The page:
She had always been active in school and the community, but having DACA made her want to do even more. She stars as an outside hitter on the Annandale volleyball team in the fall, does gymnastics in the winter and runs track in the spring. She may try lacrosse for the first time this year. She does community service with the Key Club, collecting change for those affected by Hurricane Harvey and Hurricane Irma. She is president of the school’s Hispanic Leadership Club, a member of Future Business Leaders of America and entertainment editor for the school newspaper. She is a Girl Scouts ambassador, and has been a part of a troop since kindergarten.
But she still felt like she was hiding. In the first months of Trump’s presidency, Nicolle heard some of her friends adopting opinions they saw on the news. They called immigrants criminals. They said those who crossed the border are a part of gangs. They said they should leave.
“You don’t know their story,” Nicolle would suggest.
“Well, how do you know?” she remembers one friend answering.
“I have a friend who is an immigrant and undocumented,” Nicolle remembers telling her, and she left it at that.
“I was really afraid last year,” Nicolle said later. “I didn’t want to be out there with my identity because of a lot of the things Trump was saying. Now I don’t mind, because it helps people understand better.”
Once Aleman finished speaking, Nicolle waited to see him one-on-one. She wanted to ask about James Madison’s academic programs. She wanted to know if there was a Hispanic presence on campus. She loved hearing about colleges and all the different majors, clubs and classes that make knowledge seem limitless.
“What is your status?” Aleman asked her after they had been talking for a bit.
“I have DACA,” she said.
“Can you get it renewed?” he replied, and assured her he was not asking for admissions purposes.
“No,” Nicolle said before catching herself. “Well, maybe. I don’t know yet.”
They spoke for a few more minutes, and then Nicolle hurried out of the door.
‘She still has hope’
Nicolle walked quickly toward the school entrance just before 7 p.m., hugging friends and waving to parents as she went.
“Hey Nicolle!” said a dad working the ticket table right outside the gym. “Why are you so late?”
“Uh . . . ” Nicole took a long pause as she opened the door behind her. “I had a school thing.”
Her team was already warming up, and she took just three minutes to change into her uniform and twist her hair into a tight braid. As much as she likes the Dream Project, where she can discuss her immigration status without fear of being judged, she also enjoys the normality of playing sports. Physically, volleyball gives her a chance to spike winners and celebrate with teammates between points. Emotionally, it gives her a break.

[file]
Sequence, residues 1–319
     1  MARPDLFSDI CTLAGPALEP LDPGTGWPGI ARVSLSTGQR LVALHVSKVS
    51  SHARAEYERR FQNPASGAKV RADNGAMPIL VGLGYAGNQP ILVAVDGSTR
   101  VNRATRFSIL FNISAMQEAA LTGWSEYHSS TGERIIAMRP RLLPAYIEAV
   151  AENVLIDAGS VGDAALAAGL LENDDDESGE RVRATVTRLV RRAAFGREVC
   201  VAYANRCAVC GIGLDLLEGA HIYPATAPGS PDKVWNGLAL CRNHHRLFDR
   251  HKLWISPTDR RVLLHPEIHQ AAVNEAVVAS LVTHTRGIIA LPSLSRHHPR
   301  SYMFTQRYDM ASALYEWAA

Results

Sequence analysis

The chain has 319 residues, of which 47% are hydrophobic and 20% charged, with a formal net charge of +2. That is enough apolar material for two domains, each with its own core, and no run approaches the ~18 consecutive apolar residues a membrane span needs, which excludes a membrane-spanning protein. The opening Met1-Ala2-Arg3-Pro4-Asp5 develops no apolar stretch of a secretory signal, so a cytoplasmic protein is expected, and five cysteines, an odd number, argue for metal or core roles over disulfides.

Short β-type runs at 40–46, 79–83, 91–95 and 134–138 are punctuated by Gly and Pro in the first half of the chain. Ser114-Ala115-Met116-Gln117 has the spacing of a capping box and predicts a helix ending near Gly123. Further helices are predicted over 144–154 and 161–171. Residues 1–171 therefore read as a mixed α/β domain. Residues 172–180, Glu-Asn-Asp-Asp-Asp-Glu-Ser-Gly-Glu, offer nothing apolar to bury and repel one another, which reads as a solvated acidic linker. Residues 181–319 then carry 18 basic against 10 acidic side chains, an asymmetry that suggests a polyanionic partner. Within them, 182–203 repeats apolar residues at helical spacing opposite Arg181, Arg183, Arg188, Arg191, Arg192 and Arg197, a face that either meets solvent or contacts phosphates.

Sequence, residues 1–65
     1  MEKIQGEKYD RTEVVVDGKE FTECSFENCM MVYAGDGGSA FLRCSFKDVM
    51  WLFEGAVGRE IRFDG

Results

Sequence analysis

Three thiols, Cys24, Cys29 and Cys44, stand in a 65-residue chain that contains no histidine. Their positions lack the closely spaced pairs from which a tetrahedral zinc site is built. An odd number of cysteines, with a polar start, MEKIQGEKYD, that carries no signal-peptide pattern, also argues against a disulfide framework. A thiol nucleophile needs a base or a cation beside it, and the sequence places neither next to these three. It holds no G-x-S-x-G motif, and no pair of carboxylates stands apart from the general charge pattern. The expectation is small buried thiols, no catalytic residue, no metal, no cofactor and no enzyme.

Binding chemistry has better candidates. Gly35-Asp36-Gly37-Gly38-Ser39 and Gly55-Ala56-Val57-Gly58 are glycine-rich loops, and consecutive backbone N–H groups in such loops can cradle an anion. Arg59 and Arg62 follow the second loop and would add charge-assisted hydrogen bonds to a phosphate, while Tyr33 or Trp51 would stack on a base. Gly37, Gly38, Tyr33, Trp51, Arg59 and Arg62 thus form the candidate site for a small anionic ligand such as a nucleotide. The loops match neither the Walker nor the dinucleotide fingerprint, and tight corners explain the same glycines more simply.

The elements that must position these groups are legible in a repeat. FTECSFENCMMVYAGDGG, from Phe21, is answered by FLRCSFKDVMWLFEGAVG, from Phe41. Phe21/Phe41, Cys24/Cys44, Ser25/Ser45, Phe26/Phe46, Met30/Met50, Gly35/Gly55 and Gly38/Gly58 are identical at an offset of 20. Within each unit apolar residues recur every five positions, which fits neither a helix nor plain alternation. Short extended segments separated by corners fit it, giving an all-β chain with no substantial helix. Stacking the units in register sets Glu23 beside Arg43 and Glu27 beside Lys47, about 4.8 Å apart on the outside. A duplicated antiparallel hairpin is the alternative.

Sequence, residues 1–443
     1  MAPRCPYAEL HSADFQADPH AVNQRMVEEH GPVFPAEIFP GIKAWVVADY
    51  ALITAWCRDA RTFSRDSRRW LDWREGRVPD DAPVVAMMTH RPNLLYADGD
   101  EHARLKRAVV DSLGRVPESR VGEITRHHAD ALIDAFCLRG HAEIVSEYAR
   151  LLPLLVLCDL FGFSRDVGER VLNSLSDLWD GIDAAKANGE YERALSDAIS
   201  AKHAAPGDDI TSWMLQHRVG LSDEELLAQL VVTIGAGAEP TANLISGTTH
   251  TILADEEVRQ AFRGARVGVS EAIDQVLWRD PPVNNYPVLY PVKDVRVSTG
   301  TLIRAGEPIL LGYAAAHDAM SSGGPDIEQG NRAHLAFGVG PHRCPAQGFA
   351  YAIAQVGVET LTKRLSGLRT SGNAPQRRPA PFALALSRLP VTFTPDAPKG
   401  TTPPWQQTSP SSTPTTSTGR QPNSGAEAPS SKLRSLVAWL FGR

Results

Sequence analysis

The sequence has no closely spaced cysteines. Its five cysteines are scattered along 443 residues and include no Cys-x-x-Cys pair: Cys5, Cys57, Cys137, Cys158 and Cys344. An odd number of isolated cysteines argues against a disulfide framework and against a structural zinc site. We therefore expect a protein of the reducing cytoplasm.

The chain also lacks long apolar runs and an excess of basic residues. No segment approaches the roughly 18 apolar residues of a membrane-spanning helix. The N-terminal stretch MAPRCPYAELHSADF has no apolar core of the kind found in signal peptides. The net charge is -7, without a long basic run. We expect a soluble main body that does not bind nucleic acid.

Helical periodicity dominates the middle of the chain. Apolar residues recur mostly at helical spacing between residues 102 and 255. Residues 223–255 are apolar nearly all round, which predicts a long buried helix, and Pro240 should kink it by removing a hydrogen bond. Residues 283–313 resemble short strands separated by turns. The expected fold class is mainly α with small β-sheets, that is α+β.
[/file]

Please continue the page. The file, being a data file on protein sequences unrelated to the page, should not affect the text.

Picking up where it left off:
Few people inside the small gym knew about Nicolle’s uncertain future. There is still time for DACA to be saved, and Nicolle will track the headlines as the deadline inches closer. She could still go to college, with or without DACA, if she is accepted to a program for undocumented students that is affordable for her family. And if Nicolle does need to go back to Bolivia, Portugal will go with her.
“It’s supposed to be her senior year of high school, such a fun and exciting time,” her sister Lizzett said. “But she is the only one in the family who doesn’t have a stable status right now. She doesn’t know anything about Bolivia. It’s sad for us, but she remains so positive. She still has hope.”
On nights like this, with her family watching from the bleachers and the referee’s whistle echoing off the brick walls, there was something settling for Nicolle about working toward a clear objective, tracking the ball as it sailed back and forth over the net, doing everything she could to keep it from hitting the floor.
Annandale lost to Hayfield in straight sets and, after the teams shook hands, Nicolle slowly walked over to Lizzett.
“Don’t hug me,” Nicolle said, laughing. “I’m so sweaty.”
“Tough one,” Lizzett said, hugging her anyway.
“Yeah, but it’s okay,” Nicolle answered. “There’s always the next one.”
Soon the crowd filtered into the night and Nicolle, Lizzett and Lizzett’s husband walked through a misty rain and to the car. It had been a long day, and it was time for Nicolle to go home.